Jenna knows she should walk away, yet something about Aidan’s enigmatic aura draws her in. As they navigate the cozy fall nights together, Jenna can’t help but hope that she might get to keep Prince Charming for herself this time.
Pumpkin Spice and Not So Nice is a charming blend of humor, romance, and a touch of mystery.
Later by Stephen King
Stephen King’s horror novel Later follows Jamie Conklin, the son of a struggling single mother, who yearns for a normal childhood.
Yet, Jamie possesses an extraordinary and unnerving gift, one he’s been told to keep hidden. He can perceive what others cannot and absorb knowledge beyond ordinary means. However, wielding this ability comes at a price far higher than Jamie could have ever imagined.
When an NYPD detective enlists Jamie’s unique talents to aid in the pursuit of a killer who threatens to strike from beyond the grave, Jamie’s life takes a chilling turn. This supernatural thriller explores the cost of harnessing such powers and the moral dilemmas it entails.
Circe by Madeline Miller
In Madeline Miller’s Circe we enter the world of Greek mythology through the lens of Circe, a peculiar daughter of the sun god Helios. Lacking the power of her father or the allure of her mother, she discovers her own extraordinary gift—witchcraft, capable of transforming both mortals and gods.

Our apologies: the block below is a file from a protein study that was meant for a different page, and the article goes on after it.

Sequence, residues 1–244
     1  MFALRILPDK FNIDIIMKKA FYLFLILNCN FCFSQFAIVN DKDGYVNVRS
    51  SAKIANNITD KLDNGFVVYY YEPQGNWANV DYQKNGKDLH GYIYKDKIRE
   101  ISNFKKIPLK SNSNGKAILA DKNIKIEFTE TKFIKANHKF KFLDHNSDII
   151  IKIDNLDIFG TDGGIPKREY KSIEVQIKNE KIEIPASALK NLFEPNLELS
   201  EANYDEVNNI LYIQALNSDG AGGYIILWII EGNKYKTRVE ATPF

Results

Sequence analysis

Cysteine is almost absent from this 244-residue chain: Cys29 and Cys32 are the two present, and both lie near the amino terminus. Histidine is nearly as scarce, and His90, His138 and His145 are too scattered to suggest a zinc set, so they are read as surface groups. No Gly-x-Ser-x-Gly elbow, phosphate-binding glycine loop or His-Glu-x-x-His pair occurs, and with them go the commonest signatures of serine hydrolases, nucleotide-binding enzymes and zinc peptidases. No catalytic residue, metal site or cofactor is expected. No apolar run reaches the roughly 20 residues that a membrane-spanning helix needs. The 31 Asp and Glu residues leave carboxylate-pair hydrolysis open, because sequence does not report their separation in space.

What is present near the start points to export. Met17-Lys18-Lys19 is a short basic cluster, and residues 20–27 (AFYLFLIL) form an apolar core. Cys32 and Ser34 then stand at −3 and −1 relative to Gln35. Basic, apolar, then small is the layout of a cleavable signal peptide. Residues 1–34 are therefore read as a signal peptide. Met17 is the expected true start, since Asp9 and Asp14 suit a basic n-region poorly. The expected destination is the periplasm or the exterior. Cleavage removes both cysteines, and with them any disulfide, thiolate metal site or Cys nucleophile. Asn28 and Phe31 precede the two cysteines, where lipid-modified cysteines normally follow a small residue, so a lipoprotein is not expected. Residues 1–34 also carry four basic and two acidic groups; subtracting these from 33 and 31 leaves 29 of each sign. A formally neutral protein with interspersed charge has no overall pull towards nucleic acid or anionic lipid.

Banished to a remote island by Zeus due to her perceived threat, Circe refines her magical skills, interacts with famous mythological figures, and faces numerous challenges. However, her isolation doesn’t shield her from danger, and she soon finds herself entangled in conflicts between gods and mortals.
Pumpkinheads by Rainbow Rowell
In Pumpkinheads by Rainbow Rowell and Faith Erin Hicks, Deja and Josiah are lifelong friends who spend every autumn, all through high school. working at the best pumpkin patch in Omaha.
As seniors, it’s their last season together, and Deja has a plan to make it unforgettable: an adventure to taste all the snacks and see all the sights. It’s their last chance to make memories before saying goodbye, and Josiah may even get to talk to the girl he’s been crushing on for years.
This young adult fall read is a heartwarming tale of friendship, seizing the moment, and savoring the bittersweet beauty of endings and new beginnings.
Over the Woodward Wall by A. Deborah Baker